Landlords in New York Want to Repeal the State’s New Tenant Protection Act
In mid-2019, New York Governor Andrew Cuomo signed the Housing Stability and Tenant Protection Act of 2019. Among other stipulations, the law limits security deposits to one month’s rent, limits situations in which landlords can evict tenants, restricts tenant background checks, and dictates that landlords give recently-evicted tenants more time to vacate the premises. Landlords in New York are pushing back against the law, which took effect immediately upon signing, arguing that it should be repealed.
The biggest issue with the law for landlords is the new eviction rule. Before 2019, landlords in New York only needed to give tenants 72 hours to vacate after serving an eviction. Now, landlords are required to give tenants at least two weeks’ notice to vacate—even if those tenants haven’t made rent payments.
Another issue for landlords is how the law affects tenant background checks. In most rental situations, landlords at minimum want to search for criminal history, look at credit reports, verify employment and income, and check for past evictions or rental troubles. The Housing Stability and Tenant Protection Act changed what landlords can do with background checks. The law bars landlords from charging prospective tenants more than a $20 fee to cover the costs of background checks. Landlords can no longer reject tenants who have been involved in court cases with prior landlords over evictions, unpaid rent, or other issues.
Landlords argue that the new regulations make it more difficult for them to profit from their rental properties by reducing their ability to vet potential tenants and slowing down the eviction process.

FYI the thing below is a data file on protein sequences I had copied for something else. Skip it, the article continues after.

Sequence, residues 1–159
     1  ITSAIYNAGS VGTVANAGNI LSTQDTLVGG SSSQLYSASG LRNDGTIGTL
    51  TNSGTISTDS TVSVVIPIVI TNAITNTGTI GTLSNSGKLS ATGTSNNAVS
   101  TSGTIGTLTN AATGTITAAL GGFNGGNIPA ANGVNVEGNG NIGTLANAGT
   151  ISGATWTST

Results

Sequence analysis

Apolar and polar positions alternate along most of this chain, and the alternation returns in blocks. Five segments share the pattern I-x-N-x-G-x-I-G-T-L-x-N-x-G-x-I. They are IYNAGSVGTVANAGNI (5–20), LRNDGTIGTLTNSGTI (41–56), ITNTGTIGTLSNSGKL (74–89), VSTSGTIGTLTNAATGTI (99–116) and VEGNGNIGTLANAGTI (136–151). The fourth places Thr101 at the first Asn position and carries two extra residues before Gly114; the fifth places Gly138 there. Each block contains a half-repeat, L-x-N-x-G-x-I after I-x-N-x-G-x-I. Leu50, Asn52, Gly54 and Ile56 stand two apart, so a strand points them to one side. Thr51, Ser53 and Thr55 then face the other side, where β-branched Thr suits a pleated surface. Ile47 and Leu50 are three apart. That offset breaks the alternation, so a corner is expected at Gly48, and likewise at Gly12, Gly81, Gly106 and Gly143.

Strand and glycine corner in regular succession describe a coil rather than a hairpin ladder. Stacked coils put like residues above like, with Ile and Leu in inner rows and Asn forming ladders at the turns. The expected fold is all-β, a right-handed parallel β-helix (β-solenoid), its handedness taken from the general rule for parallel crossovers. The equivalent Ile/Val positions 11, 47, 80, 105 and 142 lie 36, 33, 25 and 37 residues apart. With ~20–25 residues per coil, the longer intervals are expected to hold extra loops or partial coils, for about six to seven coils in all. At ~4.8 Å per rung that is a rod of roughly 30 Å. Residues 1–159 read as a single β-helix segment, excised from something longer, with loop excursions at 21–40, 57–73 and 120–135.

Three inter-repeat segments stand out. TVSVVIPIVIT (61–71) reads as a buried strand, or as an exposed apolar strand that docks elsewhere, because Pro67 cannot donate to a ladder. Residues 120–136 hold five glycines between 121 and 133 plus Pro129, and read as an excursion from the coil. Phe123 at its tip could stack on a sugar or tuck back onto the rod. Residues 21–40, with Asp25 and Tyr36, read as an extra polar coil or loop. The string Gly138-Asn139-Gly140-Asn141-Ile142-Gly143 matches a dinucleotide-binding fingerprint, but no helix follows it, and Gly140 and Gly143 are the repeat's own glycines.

Only time will tell if calls for a legislative repeal gain any ground. In the meantime, other parts of the country are also dealing with significant recent legislative changes concerning landlords and tenants.
In California, a new eviction law took effect on January 1, 2020. While nowhere near as sweeping as New York’s law, the California law limits situations in which landlords can evict tenants who have lived in their units for more than 12 months. In the past, landlords could evict tenants to take a unit off the rental market, sell it, remodel it, or use if for a different purpose. Now, if a tenant has been in that unit for more than a year, the law says that a landlord cannot evict him or her without “just cause” (such as unpaid rent).
In Adelanto, California, a “crime-free housing ordinance” was recently repealed entirely by a vote of the city council. The program provided “for eviction of any occupant that causes, maintains, or allows any criminal activity, illegal drug activity, or drug-related nuisance.” Critics of the ordinance claimed that it was discriminatory and resulted in a disproportionately high number of evictions of minority groups.
Despite all these shifts, tenant background checks remain a central strategy for landlords to use to protect themselves and their other tenants from risks.
About Michael Klazema The author
Michael Klazema is the lead author and editor for Dallas-based backgroundchecks.com with a focus on human resource and employment screening developments